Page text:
If our dreams could share any insights on what direction we should take our lives, believe us; we’d listen to them, 100%. While we’re not experts in foreseeing the future, we know that what goes on in your mind may be a result of your brain’s function. How could it not be? You dream of exes, the tasks you have to do the next day, and other daunting memories. What about the dreams that are a combination of the strangest circumstances? But what do dreams mean? Why are we falling asleep to worlds we can only imagine in fantasies? We reviewed a few psychologist’s opinions on dreaming and their meaning that we’re sharing with you today. Keep reading for more on what dreams could really mean.
What Do Dreams Mean
There are many, many different reasons you could be dreaming of something in particular. There’s no one interpretation that can give you a solid truth about anything. According to Jungian-trained psychologist and HuffPost, “dreams use the language of symbols and archetypes to communicate from our inner selves what we’re not able to grasp in everyday life — because of our beliefs, fears, social norms and other barriers to self-knowledge. Through dream interpretation, psychologists can help clients to see themselves and their desires in a way that’s free from all that baggage.” She says that you are kind of experiencing dreaming through a third eye, with a clear mind. You have a balanced view of what is going on in your life.
Pagano can also break her dream analysis (what she does on a number of patients) into symbols. Some include: “Children represent new ideas and desires for creative expression. Symbols that come in threes represent something that’s about to manifest (versus the number four, which represents full manifestation). The ages of the children”. Water can even represent happiness.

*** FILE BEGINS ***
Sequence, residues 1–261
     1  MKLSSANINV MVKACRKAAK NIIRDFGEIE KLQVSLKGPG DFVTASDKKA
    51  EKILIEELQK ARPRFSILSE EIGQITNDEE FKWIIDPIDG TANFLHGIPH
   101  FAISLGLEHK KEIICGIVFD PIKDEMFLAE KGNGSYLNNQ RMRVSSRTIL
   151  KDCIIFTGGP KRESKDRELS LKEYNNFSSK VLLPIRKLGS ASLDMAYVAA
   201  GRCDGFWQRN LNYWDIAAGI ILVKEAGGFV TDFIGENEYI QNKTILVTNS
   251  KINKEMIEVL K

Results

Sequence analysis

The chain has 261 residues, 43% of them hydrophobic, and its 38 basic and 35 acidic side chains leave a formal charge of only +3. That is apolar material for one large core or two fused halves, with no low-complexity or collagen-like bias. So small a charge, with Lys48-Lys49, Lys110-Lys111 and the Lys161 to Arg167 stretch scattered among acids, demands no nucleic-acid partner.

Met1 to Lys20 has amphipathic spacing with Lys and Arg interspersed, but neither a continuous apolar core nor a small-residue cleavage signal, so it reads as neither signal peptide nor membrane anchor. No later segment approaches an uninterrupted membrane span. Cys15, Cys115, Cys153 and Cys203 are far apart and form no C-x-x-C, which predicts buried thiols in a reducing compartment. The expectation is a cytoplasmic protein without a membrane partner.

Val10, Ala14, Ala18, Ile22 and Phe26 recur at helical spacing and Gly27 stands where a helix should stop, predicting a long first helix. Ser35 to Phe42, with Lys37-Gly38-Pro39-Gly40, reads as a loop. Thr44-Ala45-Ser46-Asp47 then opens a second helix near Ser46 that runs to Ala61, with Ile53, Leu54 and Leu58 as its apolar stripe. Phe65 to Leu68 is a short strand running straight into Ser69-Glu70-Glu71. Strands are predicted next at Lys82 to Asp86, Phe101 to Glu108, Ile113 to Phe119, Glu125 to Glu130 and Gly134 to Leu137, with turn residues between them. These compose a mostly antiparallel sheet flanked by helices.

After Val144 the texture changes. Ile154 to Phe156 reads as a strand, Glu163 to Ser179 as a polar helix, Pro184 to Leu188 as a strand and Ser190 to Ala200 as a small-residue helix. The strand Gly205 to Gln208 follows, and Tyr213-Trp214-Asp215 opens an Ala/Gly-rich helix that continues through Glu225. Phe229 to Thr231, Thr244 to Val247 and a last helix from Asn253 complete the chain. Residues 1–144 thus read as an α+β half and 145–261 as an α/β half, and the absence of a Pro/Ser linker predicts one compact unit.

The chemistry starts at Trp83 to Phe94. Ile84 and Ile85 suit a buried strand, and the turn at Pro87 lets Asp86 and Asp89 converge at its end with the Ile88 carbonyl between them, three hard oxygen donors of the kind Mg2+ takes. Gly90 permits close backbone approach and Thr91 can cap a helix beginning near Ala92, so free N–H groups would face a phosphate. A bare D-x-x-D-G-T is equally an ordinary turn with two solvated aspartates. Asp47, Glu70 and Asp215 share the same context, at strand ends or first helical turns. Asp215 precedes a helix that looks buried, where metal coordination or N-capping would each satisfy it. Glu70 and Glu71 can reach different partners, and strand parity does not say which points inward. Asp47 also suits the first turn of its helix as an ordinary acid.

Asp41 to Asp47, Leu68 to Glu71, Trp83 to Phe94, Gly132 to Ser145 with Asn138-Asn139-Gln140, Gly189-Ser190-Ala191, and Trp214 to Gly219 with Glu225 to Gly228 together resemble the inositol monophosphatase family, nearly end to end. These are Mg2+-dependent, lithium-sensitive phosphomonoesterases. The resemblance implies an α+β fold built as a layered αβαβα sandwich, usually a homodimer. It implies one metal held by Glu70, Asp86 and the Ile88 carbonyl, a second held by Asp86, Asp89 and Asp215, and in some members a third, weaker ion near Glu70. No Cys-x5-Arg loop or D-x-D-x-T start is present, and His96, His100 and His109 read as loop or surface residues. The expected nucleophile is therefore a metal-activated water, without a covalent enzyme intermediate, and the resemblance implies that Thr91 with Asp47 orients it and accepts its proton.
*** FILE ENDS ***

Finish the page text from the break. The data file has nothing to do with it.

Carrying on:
Why Context Is Super Important
Dream interpretation is a very individualized practice that needs to be catered to each patient. While a symbol may have the same meaning, the way that symbol is presented to you may be completely different to another person. Pagano recommends that you get a dream journal, so you are instantly able to record your dreams first thing when you wake up. Take a look at all of the elements of the dream and record your surroundings, what’s happening, who’s in it, and any recurring symbols. Also, if you have the same dream more than once, you may want to try and dissect what’s going on. Your brain may be trying to tell you to address something.
Dreaming is one of the most mysterious human abilities on the planet. While you expect a human to shut off, get the rest they need, and find themselves fully alert in the morning, we second guess strange occurrences in the night. Why do we dream? According to Scientific American, there’s more to it than meets the eye. They say the following, “Dreams seem to help us process emotions by encoding and constructing memories of them. What we see and experience in our dreams might not necessarily be real, but the emotions attached to these experiences certainly are. Our dream stories essentially try to strip the emotion out of a certain experience by creating a memory of it. This way, the emotion itself is no longer active.”
The dream machine is most likely a feature of the brain that backs up the way we process emotion, anxiety, and stress. In fact, research shows that REM sleep deprivation can lead to the development of mental disorders. Sleep really can solve a number of issues it seems: from recharging to helping us feel sane. Do we wonder if the more you process emotion, the less you dream? There’s so much more to learn about the phenomenon.